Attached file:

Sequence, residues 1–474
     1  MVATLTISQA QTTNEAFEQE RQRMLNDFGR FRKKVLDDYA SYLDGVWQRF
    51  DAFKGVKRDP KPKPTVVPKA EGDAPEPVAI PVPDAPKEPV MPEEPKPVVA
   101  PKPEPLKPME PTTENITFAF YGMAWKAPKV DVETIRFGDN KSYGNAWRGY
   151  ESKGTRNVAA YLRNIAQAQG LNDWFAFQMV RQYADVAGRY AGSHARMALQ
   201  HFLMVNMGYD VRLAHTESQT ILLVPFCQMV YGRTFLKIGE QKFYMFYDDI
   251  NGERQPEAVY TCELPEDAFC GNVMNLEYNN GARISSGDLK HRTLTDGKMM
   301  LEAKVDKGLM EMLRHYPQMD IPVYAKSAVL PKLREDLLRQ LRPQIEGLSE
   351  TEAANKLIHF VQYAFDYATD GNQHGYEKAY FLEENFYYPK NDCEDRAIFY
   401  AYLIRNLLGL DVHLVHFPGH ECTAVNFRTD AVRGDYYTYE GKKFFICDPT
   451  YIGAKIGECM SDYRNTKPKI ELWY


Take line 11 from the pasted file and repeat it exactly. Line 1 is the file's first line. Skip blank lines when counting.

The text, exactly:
   451  YIGAKIGECM SDYRNTKPKI ELWY